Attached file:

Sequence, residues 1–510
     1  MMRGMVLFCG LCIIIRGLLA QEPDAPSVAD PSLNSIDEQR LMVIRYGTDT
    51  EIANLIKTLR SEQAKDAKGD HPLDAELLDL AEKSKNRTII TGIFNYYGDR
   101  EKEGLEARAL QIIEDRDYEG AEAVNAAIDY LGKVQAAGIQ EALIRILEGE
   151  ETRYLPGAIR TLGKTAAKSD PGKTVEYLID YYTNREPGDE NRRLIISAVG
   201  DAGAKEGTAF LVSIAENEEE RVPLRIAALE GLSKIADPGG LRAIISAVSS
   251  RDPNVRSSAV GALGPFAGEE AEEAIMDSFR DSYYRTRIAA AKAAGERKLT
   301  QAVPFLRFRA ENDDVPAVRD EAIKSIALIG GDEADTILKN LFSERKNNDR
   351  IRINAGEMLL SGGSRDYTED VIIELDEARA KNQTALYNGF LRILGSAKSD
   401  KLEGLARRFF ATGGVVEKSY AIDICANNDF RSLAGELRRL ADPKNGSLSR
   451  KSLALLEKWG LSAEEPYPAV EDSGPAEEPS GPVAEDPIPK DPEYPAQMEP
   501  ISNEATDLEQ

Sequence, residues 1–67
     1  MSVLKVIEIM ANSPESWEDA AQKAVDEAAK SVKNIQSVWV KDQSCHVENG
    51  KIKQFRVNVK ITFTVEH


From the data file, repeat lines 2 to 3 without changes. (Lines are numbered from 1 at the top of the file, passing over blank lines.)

     1  MMRGMVLFCG LCIIIRGLLA QEPDAPSVAD PSLNSIDEQR LMVIRYGTDT
    51  EIANLIKTLR SEQAKDAKGD HPLDAELLDL AEKSKNRTII TGIFNYYGDR